Recapping Beyond Sport United: Jon Wertheim on his interview with Luma MuflehPosted: September 28, 2011 Filed under: Jon Werthiem | Tags: beyond sport united, fugees family, luma mufleh, sports illustrated, yankee stadium Leave a comment »
Yesterday at Yankee Stadium, Sports Illustrated served as the official media sponsor for Beyond Sport United — a first-of-its-kind symposium focusing on how teams can effect social change in their communities. The event, which was supported by the NFL, MLB, NBA, NHL, MLS and WNBA, brought together representatives of more than 75 professional teams from around the world, along with league officials, business and government figures and grassroots entrepreneurs to share information, ideas and positive practices.
As part of the agenda, senior writer Jon Wertheim (@jon_wertheim) conducted an on-stage interview with Luma Mufleh, who was profiled by Gary Smith (Sports Illustrated, 6/23/2008) for her work as a youth soccer coach for young war refugees living outside of Atlanta. In addition to being blown away by Mufleh’s story — which has been chronicled in the New York Times and on CNN, The Today Show, ESPN and The Early Show — Wertheim learned a lot about how she is currently drawing attention to her cause.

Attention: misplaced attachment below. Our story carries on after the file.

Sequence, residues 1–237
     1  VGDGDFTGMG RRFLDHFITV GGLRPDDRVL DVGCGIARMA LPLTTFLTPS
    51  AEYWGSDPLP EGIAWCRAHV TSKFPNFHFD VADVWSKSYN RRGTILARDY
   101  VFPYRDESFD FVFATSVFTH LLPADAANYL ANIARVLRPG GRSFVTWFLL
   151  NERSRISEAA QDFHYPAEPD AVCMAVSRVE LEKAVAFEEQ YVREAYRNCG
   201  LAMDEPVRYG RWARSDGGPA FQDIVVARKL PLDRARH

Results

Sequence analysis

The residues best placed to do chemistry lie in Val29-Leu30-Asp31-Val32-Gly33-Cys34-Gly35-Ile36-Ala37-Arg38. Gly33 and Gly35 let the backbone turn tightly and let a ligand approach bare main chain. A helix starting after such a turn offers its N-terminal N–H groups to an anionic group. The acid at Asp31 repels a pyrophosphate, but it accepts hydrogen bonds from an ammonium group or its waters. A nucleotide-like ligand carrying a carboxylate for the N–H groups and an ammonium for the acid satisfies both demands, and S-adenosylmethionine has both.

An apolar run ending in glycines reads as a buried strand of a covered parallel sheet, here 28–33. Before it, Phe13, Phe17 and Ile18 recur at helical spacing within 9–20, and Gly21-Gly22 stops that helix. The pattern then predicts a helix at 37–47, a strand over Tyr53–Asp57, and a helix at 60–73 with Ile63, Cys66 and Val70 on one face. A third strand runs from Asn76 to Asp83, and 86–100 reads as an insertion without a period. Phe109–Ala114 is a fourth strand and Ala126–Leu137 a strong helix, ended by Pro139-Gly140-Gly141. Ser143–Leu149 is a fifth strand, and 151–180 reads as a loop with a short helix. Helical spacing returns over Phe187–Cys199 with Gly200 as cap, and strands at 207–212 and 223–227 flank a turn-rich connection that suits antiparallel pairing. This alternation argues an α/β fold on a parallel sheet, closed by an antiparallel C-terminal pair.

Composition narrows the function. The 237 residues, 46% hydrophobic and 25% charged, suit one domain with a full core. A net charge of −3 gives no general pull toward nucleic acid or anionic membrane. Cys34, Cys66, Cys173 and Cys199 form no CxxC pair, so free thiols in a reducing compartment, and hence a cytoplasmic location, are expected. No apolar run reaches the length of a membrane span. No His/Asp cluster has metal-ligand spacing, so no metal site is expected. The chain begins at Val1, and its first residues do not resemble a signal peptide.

“She’s in this interesting place where she’s an entrepreneur, wanting to expose as many people to her idea as possible,” he says. “But she wants to build this up and give access to people without losing sighting of what the goals are.”
Mufleh’s new identity as a social entrepreneur, Wertheim says, marks a departure from who she is at heart: a coach.
“If it was up to her, she’d be on a field with her kids instead of in New York at a private equity firm raising money,” he says. “But she realizes, for better or worse, that those are the rules of engagement.”
Speaking to Mufleh wasn’t the only satisfaction Wertheim got out of the symposium. He says that hearing about the effectiveness of sports as a force of good was a welcome antidote to the current headlines on the NBA lockout and conference expansion in college football.
“People are finally realizing there’s an awful lot of powers locked into sports,” Wertheim says. “You hear about the highest echelons, but there’s an awful lot going on at the grassroots levels.”
“Cynics will say it sounds cliché, but sports really do serve as a metaphor for life and a way to unite and teach.”